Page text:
Dr. Donal Harris, professor of English and director of the Marcus Orr Center for the Humanities, has received a prestigious fellowship from the American Council of Learned Societies and the Mellon Foundation for the "Citizens of Cossitt" project. This project is a collaboration between the University of Memphis (UofM) and the Memphis Public library (MPL) to research the history and reimagine the future of MPL's first library, Cossitt Library. Guided by librarians at both institutions, the UofM research team will use MPL archives and special collections to create public exhibitions and digital learning tools about the role of Cossitt Library in the city's long civil rights history. Then, using public outreach surveys conducted by Cossitt staff, and in consultation with the UofM Benjamin Hooks Institute for Social Change, the project will develop training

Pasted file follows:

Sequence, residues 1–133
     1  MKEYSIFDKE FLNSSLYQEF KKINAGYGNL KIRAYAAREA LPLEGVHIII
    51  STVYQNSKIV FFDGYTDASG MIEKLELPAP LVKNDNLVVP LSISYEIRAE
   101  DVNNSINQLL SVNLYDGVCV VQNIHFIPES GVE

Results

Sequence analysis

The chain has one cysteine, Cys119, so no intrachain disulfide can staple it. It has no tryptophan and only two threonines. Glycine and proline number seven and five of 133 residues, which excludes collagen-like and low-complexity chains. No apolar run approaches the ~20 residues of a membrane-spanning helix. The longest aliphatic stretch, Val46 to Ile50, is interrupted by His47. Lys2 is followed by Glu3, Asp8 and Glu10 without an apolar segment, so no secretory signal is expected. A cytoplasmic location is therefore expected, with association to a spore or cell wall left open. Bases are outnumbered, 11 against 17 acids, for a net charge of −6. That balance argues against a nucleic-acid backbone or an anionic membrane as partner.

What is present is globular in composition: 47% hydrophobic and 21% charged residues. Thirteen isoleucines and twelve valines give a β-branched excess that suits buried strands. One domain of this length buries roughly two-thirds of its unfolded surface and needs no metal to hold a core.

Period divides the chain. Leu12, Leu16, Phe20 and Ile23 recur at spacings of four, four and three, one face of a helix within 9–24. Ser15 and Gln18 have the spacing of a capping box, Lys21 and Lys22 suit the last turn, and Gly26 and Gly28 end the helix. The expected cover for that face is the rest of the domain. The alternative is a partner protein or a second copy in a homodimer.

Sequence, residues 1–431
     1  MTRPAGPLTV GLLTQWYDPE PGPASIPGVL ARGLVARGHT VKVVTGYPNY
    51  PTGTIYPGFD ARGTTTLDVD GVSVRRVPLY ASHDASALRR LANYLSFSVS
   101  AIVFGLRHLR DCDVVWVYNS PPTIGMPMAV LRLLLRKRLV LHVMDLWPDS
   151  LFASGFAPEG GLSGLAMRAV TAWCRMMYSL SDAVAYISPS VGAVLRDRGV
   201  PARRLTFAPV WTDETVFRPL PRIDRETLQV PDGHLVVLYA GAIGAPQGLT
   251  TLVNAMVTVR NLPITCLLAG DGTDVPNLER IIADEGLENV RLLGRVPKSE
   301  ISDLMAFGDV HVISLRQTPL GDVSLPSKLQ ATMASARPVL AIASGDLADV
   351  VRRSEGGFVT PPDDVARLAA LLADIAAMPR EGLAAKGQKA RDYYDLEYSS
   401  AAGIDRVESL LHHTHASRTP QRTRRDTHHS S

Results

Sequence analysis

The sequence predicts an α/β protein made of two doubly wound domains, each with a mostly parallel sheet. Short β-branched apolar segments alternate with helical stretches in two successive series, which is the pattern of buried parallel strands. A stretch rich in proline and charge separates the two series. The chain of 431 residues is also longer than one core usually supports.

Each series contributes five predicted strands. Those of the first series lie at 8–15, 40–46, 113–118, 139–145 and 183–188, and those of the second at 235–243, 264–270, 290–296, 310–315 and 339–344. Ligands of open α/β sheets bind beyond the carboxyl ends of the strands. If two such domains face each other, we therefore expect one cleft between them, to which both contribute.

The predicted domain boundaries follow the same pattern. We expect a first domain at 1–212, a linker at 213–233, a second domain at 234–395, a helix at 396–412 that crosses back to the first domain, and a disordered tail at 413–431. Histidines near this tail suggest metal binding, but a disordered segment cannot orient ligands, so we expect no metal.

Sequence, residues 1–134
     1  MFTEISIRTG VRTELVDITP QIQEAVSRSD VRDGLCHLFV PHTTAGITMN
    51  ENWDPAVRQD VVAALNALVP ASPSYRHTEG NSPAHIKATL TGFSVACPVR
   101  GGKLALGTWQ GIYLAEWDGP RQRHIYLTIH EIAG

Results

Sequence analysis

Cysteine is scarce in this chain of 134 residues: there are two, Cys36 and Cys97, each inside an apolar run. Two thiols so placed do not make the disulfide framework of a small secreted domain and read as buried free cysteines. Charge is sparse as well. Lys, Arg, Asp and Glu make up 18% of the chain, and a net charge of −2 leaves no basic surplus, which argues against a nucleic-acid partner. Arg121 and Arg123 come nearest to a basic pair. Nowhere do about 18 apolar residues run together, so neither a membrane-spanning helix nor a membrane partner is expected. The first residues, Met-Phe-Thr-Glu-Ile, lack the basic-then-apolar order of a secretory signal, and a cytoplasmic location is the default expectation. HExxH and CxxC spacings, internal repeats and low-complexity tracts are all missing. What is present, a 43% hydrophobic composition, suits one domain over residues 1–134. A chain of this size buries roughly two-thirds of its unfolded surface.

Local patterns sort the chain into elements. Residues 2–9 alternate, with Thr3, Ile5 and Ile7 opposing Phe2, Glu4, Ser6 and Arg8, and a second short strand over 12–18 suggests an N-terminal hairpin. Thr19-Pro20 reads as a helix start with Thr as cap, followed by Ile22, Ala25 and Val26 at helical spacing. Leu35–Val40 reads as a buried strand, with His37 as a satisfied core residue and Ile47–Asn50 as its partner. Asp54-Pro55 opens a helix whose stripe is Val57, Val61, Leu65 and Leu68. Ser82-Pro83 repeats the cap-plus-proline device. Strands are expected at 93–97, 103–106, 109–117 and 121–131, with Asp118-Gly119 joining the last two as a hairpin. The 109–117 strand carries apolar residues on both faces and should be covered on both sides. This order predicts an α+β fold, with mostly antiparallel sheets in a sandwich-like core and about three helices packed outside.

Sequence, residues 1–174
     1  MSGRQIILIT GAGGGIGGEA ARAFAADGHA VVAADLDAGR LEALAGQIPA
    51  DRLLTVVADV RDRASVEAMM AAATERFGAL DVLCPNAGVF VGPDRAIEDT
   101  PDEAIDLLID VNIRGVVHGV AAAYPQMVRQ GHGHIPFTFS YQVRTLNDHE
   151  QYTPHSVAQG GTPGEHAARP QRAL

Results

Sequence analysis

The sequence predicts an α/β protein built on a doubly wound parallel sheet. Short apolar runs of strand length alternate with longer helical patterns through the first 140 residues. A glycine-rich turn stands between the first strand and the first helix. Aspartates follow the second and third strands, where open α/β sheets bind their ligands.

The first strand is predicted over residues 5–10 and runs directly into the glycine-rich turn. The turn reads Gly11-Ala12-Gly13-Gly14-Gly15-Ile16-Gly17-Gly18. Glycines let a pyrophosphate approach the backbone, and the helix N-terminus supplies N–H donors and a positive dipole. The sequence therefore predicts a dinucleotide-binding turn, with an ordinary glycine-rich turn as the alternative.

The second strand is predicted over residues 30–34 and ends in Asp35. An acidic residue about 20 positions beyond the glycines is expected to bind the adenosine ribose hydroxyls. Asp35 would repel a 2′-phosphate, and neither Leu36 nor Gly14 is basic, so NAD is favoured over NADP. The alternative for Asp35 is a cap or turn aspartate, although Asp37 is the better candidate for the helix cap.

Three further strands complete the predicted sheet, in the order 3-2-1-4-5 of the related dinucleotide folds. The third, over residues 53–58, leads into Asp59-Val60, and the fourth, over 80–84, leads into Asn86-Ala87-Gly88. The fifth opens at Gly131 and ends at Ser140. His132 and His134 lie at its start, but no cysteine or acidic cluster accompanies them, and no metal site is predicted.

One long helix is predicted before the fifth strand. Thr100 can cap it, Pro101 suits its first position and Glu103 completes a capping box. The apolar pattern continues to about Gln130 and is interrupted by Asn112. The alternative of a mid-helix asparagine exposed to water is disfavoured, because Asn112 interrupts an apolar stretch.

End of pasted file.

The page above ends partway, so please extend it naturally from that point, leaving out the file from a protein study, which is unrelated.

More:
workshops and exhibition space for library patrons to produce their own physical and digital exhibitions about the library's place in civic life. "Citizens of Cossitt" provides the first systematic history of public libraries in Memphis, Tenn. Memphis is unique among large metropolitan areas, even in the South, because it did not have a true public library until 1955. Until then, it had Cossitt Library, which was founded in 1893 as a private philanthropic institution, beholden to its board of trustees rather than to the city government or citizens. When the city finally established MPL in 1955, it simply took over control of the Cossitt branches and kept "Cossitt" as the name of its downtown branch. This history complicates the ideal of the public library in Memphis.